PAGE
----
Free recall of pictures in healthy subjects as assessed in the present study involves voluntary retrieval of image-based memory. Encoding of this memory depends on a large network of neocortical and limbic brain regions, including the frontal, temporal, parietal, and occipital cortex; amygdala (especially for emotionally arousing information); hippocampus; insular cortex; and anterior cingulum (10). In PTSD, intrusive reexperiencing of the traumatic event consists of a primarily involuntary activation of representations (emotional memories) that contain detailed sensory and perceptual images. At the same time, it has been proposed that due to a reduced hippocampal involvement, these emotional memories are not well contextualized (14) (for review see ref. 15). In the nontraumatized population the neuroimaging findings revealed that the A allele went along with more activation in prefrontal regions, but, interestingly, not with increased activation in medial temporal structures, such as the amygdala and hippocampus. There is compelling evidence that the amygdala plays an important role in enhancing the formation of memory for emotionally arousing information (11) and that the hippocampus is crucial for binding memory items to their context and for the successful transfer of this information into long-term memory (8, 16). It is important to note that because scanning in the present study was restricted to the encoding phase, we cannot exclude that genotype-dependent activation differences in medial temporal lobe regions may have occurred later in the memory formation process.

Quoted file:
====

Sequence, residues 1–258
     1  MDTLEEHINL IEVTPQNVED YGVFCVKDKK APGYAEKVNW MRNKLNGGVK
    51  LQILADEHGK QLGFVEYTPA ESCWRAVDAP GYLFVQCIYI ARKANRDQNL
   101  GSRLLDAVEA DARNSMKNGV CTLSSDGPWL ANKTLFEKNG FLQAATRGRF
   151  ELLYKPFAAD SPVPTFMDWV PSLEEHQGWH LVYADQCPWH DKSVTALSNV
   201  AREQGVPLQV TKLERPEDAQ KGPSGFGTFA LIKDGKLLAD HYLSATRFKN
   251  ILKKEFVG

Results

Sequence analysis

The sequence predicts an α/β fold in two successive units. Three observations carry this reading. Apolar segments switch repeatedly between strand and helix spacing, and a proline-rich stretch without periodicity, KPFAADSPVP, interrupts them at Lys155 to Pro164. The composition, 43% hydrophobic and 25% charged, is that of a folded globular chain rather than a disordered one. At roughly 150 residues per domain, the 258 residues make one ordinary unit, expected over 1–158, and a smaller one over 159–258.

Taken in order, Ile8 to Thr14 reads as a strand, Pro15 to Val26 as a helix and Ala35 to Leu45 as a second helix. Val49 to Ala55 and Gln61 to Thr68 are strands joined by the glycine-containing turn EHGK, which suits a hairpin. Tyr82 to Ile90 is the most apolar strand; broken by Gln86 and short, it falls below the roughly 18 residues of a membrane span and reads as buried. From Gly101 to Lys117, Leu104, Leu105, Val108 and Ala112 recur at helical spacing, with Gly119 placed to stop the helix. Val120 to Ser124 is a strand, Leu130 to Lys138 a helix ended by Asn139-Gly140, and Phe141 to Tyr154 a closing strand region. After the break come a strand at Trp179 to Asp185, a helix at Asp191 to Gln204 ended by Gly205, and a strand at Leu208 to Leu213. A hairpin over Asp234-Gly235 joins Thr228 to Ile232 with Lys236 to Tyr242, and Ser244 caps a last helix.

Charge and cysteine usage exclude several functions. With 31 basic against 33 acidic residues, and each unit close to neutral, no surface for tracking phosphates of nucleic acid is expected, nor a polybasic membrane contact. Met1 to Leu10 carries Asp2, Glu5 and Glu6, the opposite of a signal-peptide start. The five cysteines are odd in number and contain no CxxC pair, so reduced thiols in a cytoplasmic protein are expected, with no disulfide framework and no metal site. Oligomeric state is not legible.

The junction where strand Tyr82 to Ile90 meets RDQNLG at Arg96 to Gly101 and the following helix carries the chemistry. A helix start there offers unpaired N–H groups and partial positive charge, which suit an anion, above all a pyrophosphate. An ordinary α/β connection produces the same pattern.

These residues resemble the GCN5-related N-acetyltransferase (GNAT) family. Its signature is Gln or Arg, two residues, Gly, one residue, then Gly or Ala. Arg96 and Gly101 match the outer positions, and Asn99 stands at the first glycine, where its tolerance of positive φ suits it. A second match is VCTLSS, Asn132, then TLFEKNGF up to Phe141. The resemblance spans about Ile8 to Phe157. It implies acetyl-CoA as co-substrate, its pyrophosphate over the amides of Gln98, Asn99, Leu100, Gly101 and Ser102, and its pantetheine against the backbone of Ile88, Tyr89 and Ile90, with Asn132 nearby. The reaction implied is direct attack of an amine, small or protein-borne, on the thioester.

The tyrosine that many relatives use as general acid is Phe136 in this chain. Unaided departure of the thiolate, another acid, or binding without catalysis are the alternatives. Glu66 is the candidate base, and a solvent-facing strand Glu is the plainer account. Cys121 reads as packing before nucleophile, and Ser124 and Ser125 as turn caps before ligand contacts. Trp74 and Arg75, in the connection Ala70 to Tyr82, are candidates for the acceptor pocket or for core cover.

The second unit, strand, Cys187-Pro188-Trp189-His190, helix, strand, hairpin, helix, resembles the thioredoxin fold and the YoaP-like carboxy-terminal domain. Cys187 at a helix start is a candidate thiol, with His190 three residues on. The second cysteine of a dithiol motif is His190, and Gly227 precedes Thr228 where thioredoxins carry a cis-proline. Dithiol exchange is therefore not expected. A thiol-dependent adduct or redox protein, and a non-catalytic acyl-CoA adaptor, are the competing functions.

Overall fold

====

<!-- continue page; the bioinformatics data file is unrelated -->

Although theoretical considerations might have implied that individuals who are prone to build strong emotional memories are at risk for developing PTSD after a traumatic experience, there is only weak empirical evidence supporting this assumption. Several studies have found increased implicit and explicit emotional memory functions in patients with PTSD (1719), but also the opposite has been reported (20). It is important to note that data on memory performance acquired in patients with PTSD are difficult to interpret, because changes in mood, motivation, attention, or arousal can indirectly affect memory performance in both directions. Furthermore, even specific memory changes could be a consequence of the disease or preexisting risk factors. The same difficulty regarding interpretation exists for imaging data acquired in PTSD patients, because neuroanatomical or neurofunctional abnormalities may reflect an underlying causal factor or a consequence of the disorder. For example, it has been found that patients with PTSD have reduced hemodynamic responses in the medial prefrontal cortex (21), which fits with the idea that decreased prefrontal activity, through amygdala disinhibition, could lead to increased formation of traumatic memories and predispose to PTSD. However, another study found that encoding of later remembered negative words vs. baseline was associated with increased activations in the cingulate cortex and dorsomedial prefrontal cortex in complex PTSD compared with healthy controls (22). Moreover, a recent study has demonstrated that damage to the medial prefrontal cortex protects against PTSD (23). Also in the present study, we found that the G allele, which was related to decreased emotional memory and decreased prefrontal activity in healthy humans, was related to decreased risk for PTSD.